African Literature in Defence of History: An Essay on Chinua Achebe

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African Renaissance, Jan 1, 2001 - History - 186 pages
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Chinua Achebe is Africa's foremost novelist and one of the African World's most outstanding intellectuals of all time. The 1958 publication of his classic Things Fall Apart on the eve of the great African liberation struggle for the restoration of independence after centuries of European conquest and occupation, underscored the African-centred thrust of his literary journey. As Herbert Ekwe-Ekwe shows in this study, Achebe's writings in the past 40 years amount to a twin-track ingeniously crafted and rigorously-expressive interrogative epic of the African humanity during the course of the past 500 years. These have been years of humiliating conquests, occupation, and dispersal, but also years of far reaching revolutions, liberation, and survival. For Professor Ekwe-Ekwe, Chinua Achebe's contribution to this great African story is centrally seminal: (1) he affirms the African historicity that Eurocentricism is ever keen to deny; (2) he alerts Africans to the futility and hopelessness of a non-deconstructed post-conquest state to spearhead African vast topography of reconstruction and (3) he advocates an African renaissance based on Africa's critical re-engagement with its rich cultural heritage.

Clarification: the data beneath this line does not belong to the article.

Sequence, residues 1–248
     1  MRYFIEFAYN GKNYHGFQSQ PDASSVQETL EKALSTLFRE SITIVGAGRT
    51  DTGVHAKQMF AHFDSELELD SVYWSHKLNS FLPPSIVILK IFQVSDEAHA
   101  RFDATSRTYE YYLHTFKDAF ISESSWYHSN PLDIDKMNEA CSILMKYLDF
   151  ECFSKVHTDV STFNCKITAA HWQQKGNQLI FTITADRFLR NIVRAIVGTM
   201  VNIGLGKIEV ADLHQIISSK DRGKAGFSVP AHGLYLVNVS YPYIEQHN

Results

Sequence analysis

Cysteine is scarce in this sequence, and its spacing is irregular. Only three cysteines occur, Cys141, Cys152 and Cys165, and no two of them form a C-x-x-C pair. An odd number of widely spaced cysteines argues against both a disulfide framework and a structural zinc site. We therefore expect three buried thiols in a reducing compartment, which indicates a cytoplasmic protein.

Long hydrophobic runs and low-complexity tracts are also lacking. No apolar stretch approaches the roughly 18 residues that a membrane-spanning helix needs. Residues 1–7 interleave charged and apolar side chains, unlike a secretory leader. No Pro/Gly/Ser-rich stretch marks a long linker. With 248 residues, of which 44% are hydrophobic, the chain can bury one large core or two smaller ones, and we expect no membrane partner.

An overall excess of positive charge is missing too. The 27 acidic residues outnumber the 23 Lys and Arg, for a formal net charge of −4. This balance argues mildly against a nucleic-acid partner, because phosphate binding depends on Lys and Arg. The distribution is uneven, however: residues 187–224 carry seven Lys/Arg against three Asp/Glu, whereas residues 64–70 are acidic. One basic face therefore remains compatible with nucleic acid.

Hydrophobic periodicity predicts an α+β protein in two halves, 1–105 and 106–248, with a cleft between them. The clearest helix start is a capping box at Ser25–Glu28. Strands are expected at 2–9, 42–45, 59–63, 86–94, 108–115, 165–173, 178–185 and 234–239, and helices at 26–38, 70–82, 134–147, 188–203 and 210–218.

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Contents

Retrieval
1
Transition
55
Exposition
75
Copyright

3 other sections not shown

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About the author (2001)

Herbert Ekwe-Ekwe is the director of the Centre for Cross-Cultural Studies, Dakar, Senegal.

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